At a time, too, when education was thought little necessary for girls, More taught his daughters as carefully as his sons.
It was while More was about the King's business in Belgium that he wrote the greater part of the book by which he is best remembered.
But it isna religion as was i' fault there; it was Seth Bede, as was allays a wool-gathering chap, and religion hasna cured him, the more's the pity."
Ye may like work better nor play, but I like play better nor work; that'll 'commodate ye--it laves ye th' more to do."
From the time they left me oi till they was 'tween decks, not wan av thim was more
than dacintly dhrunk.
This burst of confidence confirmed Rose in her purpose of winning Charlie's Mentor back to him, but she said no more, contented to have done so well.
I hope not, but don't dare to ask; though, perhaps, Steve knows, he's always after Prince, more's the pity," and Archie looked anxious.
But whether it was because I had done well myself, or because I had been a witness of his own much greater prowess, is more
than I can tell.
And so, Master Marner, as I was saying--for there's windings i' things as they may carry you to the fur end o' the prayer-book afore you get back to 'em--my advice is, as you keep up your sperrits; for as for thinking you're a deep un, and ha' got more inside you nor 'ull bear daylight, I'm not o' that opinion at all, and so I tell the neighbours.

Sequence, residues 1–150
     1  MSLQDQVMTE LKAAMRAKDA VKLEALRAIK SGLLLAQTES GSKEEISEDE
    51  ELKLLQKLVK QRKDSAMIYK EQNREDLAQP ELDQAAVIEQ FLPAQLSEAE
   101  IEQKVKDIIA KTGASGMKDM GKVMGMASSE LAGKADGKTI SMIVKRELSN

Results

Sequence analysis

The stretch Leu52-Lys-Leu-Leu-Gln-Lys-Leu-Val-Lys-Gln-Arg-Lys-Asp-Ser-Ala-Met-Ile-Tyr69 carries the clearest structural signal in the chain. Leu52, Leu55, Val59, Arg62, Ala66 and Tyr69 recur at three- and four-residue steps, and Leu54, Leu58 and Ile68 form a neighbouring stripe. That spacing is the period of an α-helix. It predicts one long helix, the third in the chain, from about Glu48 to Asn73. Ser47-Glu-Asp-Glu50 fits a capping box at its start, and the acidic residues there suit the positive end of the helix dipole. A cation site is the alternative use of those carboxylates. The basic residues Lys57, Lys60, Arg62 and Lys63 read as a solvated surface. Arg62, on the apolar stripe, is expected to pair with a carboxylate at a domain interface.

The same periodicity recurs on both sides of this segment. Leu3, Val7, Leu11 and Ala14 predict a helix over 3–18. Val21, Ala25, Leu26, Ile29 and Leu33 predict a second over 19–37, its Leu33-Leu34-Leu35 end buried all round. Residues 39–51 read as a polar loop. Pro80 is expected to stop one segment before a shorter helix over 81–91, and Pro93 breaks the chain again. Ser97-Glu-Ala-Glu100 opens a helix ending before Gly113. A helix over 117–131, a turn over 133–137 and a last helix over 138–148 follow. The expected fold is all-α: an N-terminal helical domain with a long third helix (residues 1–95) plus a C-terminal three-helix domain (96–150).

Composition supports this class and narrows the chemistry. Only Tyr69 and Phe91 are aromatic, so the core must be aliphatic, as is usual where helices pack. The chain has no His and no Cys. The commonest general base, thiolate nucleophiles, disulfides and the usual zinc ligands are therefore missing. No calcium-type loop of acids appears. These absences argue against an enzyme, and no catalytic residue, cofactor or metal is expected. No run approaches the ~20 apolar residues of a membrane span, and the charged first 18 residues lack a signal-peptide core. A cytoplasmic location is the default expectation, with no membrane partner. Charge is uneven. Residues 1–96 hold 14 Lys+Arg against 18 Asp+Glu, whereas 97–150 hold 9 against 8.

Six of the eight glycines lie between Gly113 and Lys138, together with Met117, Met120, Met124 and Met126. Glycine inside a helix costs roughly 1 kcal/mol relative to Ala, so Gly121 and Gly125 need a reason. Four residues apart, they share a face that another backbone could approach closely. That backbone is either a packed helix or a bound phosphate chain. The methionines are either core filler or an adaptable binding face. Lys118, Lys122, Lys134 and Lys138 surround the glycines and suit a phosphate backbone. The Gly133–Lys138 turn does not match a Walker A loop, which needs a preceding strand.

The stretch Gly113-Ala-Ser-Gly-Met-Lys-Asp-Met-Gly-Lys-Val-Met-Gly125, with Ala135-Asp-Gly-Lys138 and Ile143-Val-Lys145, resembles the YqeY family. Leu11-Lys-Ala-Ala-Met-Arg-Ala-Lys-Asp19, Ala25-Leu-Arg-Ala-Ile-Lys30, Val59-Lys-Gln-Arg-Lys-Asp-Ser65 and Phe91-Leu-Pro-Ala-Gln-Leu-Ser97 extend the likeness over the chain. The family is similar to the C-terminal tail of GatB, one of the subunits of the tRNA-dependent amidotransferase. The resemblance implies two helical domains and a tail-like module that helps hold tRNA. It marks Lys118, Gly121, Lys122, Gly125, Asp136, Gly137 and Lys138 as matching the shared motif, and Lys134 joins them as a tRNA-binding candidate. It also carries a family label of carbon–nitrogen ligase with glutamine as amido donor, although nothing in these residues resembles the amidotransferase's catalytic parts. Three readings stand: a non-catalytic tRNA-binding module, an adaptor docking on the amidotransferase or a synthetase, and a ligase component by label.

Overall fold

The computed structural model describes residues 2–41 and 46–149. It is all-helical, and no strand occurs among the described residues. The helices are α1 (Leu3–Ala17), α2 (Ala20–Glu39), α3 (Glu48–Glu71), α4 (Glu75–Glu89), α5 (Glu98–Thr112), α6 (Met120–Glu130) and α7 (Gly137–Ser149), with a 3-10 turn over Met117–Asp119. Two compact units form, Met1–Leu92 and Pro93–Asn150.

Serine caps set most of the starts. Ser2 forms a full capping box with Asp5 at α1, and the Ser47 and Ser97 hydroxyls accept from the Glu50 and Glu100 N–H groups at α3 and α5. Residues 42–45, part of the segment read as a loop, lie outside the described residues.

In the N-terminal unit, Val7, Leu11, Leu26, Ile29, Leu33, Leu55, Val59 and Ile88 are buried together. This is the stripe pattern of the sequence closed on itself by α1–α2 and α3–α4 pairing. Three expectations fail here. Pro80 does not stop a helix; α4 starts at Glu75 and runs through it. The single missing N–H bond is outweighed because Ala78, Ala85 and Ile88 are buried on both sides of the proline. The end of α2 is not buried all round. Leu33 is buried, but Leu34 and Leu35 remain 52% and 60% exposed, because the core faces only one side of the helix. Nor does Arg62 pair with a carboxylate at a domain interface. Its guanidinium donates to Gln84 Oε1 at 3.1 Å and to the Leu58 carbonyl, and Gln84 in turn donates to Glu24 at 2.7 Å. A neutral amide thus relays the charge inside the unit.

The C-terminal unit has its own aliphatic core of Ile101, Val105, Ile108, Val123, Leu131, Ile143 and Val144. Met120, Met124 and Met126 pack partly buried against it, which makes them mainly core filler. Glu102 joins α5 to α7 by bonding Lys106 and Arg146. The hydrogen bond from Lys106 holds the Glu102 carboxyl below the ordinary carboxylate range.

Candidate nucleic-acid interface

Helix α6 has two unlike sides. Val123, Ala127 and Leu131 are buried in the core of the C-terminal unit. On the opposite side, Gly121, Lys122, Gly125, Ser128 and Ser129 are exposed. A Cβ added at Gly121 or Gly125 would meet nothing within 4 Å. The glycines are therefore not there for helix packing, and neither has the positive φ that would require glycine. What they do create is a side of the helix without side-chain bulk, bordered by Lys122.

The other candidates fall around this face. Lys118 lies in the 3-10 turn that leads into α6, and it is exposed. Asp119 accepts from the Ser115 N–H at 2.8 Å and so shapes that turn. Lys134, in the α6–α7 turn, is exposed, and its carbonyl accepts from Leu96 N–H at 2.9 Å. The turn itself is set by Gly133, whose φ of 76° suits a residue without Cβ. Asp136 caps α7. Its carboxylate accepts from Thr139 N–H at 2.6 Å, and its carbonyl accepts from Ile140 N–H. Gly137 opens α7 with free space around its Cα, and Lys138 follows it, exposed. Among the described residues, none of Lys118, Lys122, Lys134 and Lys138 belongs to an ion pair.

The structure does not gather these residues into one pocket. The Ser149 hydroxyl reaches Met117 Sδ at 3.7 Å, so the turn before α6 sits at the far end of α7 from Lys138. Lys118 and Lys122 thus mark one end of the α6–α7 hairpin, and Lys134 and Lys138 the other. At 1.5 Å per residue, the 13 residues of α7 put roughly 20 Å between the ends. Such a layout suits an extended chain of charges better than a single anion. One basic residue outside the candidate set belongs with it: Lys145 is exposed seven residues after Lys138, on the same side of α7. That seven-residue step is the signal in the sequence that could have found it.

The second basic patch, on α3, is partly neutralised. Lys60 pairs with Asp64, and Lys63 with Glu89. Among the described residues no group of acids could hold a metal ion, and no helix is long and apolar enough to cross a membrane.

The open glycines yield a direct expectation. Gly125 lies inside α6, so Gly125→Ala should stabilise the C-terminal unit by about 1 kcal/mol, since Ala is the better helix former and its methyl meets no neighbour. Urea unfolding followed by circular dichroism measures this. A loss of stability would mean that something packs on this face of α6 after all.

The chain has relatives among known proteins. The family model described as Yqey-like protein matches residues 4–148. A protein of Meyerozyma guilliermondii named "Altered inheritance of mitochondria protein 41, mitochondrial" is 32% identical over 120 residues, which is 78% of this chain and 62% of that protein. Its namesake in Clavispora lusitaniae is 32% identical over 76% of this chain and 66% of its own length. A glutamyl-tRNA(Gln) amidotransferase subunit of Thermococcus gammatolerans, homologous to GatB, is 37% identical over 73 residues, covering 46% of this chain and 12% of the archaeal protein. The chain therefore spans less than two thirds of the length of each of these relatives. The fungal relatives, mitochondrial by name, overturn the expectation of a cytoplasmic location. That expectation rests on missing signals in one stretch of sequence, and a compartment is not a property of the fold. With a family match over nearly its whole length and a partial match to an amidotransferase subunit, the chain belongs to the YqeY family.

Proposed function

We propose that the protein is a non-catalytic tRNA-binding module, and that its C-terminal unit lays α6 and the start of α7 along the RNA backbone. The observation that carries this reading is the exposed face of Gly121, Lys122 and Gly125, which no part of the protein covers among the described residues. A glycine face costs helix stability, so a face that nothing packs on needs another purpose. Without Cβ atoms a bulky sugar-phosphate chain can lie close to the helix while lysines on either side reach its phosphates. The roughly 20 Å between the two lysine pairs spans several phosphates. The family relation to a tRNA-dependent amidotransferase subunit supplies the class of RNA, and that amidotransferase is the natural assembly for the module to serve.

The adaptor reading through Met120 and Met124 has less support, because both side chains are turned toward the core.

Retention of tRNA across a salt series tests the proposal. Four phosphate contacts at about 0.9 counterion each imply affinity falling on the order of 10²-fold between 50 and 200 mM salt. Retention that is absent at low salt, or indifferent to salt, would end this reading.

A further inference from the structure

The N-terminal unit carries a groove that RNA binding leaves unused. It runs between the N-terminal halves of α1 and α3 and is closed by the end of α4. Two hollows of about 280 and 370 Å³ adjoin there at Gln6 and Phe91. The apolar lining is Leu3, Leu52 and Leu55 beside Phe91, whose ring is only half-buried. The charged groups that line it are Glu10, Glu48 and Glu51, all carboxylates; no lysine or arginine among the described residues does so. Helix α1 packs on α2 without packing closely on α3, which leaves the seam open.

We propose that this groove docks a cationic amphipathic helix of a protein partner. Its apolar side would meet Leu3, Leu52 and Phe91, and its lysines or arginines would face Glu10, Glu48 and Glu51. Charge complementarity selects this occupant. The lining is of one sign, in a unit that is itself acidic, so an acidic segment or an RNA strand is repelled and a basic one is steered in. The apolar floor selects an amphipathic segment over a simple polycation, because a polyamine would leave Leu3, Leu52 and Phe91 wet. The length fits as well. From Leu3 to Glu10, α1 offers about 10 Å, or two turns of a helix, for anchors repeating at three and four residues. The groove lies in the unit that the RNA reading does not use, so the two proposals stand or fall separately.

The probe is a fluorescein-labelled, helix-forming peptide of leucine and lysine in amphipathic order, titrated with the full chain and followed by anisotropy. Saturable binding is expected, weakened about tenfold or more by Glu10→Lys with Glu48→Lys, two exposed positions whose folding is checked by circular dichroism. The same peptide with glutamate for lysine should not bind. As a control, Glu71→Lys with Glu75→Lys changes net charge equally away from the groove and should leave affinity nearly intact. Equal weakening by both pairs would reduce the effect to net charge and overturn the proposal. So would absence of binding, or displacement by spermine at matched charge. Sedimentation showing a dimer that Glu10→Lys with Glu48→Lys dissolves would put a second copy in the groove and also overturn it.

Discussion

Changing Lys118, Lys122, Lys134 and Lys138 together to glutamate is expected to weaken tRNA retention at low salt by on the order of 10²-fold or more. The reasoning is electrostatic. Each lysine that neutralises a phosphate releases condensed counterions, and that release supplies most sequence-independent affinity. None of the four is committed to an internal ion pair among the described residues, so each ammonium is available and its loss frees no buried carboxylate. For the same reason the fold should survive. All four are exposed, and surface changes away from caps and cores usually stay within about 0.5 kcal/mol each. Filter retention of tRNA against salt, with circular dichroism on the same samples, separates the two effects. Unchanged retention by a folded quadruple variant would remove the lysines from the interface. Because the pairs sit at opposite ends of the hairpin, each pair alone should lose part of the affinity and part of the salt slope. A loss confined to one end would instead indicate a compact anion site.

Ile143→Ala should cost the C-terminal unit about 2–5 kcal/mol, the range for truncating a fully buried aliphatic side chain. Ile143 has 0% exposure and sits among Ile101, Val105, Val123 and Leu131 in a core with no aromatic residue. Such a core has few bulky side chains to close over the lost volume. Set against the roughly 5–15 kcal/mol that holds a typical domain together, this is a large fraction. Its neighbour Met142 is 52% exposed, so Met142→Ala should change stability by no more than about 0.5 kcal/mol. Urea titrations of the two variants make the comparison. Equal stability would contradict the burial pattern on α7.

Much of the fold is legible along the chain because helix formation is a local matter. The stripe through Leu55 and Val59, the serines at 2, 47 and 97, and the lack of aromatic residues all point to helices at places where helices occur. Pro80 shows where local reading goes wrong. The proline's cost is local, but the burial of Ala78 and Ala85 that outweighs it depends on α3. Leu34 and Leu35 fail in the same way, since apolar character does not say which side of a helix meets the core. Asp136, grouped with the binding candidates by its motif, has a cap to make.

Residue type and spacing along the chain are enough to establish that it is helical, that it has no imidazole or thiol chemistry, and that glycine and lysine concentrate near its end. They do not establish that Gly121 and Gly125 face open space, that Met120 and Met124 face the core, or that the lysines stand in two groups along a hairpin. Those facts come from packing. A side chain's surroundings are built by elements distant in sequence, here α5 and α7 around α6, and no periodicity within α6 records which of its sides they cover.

Winthrop was one of these: she was in all respects a woman of scrupulous conscience, so eager for duties that life seemed to offer them too scantily unless she rose at half-past four, though this threw a scarcity of work over the more advanced hours of the morning, which it was a constant problem with her to remove.
's the pity," answered Telemachus, "I am sorry for him, but we must leave him to himself just now.
I supported my poor girl to the chair, and once more
I knelt before her and took her hands in mine.
Mr Timberry, in reply, shook his head with a gloomy air, tapped his chest several times with great significancy, and drawing his cloak more
closely about him, said, 'But no matter, no matter.
For it was the literature of a great and brilliant people who, far from attempting to make a divorce within man's nature, had aimed to 'see life steadily and see it whole,' who, giving free play to all their powers, had found in pleasure and beauty some of the most essential constructive forces, and had embodied beauty in works of literature and art where the significance of the whole spiritual life was more
splendidly suggested than in the achievements of any, or almost any, other period.
We need books of this tart cathartic virtue more
than books of political science or of private economy.